Answering while cutting corners, regardless of the reason you do that and the device you do that on, is a risk you are free to take. I say risk in the lightest sense of the word, its not like you're going to get hurt. Getting comments (including not constructive ones like the trigger for this question) or even a downvote or two as a result of it is part of that risk.

So should you use a phone and feel free to take less time to format your answers? Sure, go ahead. As long as you realise what you're doing and the potential response you might get to it in this quality-driven site.


I have an different theory than the one stated in the currently most highly upvoted answer:

"The odds of someone coming back later to post are probably not good."

If someone's desire to answer a question is so strong that they don't mind adding a poorly (if at all) formatted answer, then I think they do care enough to come back to it later when they get back to a device with which they're more comfortable writing markdown.

I suppose my position is basically the same as Cody's, and I really don't understand why his wasn't better received. He's not saying that you shouldn't answer it, just that you shouldn't answer it until you're going to do it right.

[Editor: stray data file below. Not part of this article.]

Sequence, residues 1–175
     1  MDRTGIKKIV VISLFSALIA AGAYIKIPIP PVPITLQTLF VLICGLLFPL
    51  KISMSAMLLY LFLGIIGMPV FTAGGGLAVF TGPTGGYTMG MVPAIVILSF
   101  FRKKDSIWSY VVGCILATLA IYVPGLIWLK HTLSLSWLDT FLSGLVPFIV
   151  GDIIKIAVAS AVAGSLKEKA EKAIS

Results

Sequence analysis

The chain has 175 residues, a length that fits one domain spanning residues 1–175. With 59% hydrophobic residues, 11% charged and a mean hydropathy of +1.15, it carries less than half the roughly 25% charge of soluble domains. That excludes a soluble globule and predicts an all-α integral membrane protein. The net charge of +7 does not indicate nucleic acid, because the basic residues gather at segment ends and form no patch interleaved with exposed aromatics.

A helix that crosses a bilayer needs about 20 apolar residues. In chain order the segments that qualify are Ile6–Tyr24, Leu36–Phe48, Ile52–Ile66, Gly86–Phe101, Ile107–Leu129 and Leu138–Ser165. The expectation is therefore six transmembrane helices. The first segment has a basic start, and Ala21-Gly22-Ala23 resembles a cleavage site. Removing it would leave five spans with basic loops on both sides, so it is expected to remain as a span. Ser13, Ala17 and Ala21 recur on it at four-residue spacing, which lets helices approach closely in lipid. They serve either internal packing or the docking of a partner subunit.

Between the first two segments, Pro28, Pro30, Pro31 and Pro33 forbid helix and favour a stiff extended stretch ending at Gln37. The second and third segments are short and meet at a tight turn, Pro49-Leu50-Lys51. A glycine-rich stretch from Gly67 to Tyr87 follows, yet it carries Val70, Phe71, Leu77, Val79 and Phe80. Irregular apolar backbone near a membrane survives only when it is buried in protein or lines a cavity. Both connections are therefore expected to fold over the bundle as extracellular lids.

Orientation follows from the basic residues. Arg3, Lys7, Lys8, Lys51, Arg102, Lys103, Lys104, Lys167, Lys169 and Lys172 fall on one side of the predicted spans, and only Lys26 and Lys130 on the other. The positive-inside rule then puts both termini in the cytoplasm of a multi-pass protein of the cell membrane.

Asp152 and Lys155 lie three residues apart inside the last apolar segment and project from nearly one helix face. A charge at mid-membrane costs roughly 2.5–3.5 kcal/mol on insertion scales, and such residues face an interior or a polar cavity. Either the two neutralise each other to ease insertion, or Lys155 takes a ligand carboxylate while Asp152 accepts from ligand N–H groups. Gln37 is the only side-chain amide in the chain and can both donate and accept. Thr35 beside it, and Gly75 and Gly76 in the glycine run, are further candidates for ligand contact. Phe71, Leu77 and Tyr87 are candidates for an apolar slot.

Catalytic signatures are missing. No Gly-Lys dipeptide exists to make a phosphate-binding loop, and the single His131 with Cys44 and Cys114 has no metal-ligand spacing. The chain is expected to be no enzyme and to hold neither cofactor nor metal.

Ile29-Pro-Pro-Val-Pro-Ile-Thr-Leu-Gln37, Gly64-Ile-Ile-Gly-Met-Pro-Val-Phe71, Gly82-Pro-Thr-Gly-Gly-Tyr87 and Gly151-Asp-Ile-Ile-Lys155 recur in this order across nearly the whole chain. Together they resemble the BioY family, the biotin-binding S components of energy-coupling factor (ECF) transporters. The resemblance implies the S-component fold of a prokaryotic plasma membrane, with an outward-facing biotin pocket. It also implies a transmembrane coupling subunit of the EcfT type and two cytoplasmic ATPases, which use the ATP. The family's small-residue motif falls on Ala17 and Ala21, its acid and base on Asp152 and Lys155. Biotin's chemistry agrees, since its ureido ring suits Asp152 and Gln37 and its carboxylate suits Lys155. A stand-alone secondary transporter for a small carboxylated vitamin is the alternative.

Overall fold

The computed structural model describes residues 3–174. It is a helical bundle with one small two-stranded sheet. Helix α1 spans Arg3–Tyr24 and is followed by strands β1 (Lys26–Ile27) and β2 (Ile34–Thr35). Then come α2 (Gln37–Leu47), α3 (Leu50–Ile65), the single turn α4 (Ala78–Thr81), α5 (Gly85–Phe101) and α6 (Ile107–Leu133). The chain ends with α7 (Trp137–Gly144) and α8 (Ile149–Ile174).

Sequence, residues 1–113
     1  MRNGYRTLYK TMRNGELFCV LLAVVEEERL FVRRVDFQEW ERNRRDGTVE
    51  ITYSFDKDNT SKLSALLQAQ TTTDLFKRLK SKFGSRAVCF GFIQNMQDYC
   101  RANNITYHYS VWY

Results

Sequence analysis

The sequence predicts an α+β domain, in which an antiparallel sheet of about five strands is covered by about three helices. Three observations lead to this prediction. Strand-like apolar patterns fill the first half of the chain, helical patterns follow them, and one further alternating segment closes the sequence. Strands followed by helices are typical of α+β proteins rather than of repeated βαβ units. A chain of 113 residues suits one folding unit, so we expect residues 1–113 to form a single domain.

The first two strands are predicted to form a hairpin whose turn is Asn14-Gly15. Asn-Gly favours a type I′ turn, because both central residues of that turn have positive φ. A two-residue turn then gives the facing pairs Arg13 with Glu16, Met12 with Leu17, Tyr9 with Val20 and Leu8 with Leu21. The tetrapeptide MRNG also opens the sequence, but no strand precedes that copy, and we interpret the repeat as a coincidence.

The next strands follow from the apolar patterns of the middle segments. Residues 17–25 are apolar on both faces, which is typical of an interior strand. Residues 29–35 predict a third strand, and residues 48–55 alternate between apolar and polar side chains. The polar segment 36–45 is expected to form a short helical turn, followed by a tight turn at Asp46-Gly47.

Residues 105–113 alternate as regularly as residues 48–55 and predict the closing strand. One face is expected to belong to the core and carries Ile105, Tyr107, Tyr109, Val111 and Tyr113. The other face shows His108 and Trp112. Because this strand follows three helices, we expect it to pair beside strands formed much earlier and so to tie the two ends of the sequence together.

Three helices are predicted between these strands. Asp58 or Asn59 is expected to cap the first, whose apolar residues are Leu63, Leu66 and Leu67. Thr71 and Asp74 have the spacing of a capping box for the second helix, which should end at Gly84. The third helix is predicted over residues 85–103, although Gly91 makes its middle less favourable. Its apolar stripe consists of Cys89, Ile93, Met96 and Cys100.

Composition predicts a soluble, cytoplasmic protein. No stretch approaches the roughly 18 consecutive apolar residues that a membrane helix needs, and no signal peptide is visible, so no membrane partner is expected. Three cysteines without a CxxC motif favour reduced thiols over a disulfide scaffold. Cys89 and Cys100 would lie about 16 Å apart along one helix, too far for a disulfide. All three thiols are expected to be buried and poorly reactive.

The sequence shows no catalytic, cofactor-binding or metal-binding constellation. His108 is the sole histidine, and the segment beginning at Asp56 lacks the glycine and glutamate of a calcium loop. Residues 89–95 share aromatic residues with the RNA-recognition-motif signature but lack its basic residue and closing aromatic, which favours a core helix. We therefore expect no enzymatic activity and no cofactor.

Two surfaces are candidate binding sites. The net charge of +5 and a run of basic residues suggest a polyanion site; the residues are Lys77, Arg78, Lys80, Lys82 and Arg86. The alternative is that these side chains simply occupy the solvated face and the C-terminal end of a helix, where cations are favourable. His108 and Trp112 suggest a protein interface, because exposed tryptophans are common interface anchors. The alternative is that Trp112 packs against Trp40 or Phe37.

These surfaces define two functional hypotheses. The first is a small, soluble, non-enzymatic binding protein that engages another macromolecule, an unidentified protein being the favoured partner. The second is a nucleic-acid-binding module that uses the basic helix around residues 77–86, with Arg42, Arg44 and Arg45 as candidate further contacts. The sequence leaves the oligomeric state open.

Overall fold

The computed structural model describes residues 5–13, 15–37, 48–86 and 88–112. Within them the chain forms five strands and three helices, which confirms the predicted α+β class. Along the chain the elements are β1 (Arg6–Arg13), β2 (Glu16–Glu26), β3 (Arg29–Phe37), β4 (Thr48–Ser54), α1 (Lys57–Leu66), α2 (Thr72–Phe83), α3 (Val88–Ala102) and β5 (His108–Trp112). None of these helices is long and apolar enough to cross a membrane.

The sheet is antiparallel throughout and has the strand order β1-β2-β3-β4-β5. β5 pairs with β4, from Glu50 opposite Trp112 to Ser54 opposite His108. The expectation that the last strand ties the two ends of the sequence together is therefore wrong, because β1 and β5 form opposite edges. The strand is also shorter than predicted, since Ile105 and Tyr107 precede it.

There's no need to be impatient. The goal is to provide a high quality answer that will hopefully be a useful resource for many people for years to come, not to solve one person's problem as quickly as possible.

  • What if you can't get to a computer for a couple days but you can give the OP an answer that might need a little sprucing up? Commented Feb 1, 2017 at 17:35
  • It think the answer to that is somewhat subjective, and depends on how much sprucing up is needed. But a couple days without a computer?! I hope nothing that awful ever happens to me. ;) Commented Feb 1, 2017 at 17:39
  • But regardless, I still believe the answer is not just for the OP, and that it's more important to answer it well (including formatting) than it is to answer it quickly. Commented Feb 1, 2017 at 17:42
  • @NathanOliver That is an edge case. It might make sense under some specific set of circumstances, but it isn't something we want to encourage.
    – duplode
    Commented Feb 1, 2017 at 17:43
  • @duplode I agree we really don't want people doing this. I'm just checking on do we allow edge cases. Commented Feb 1, 2017 at 17:45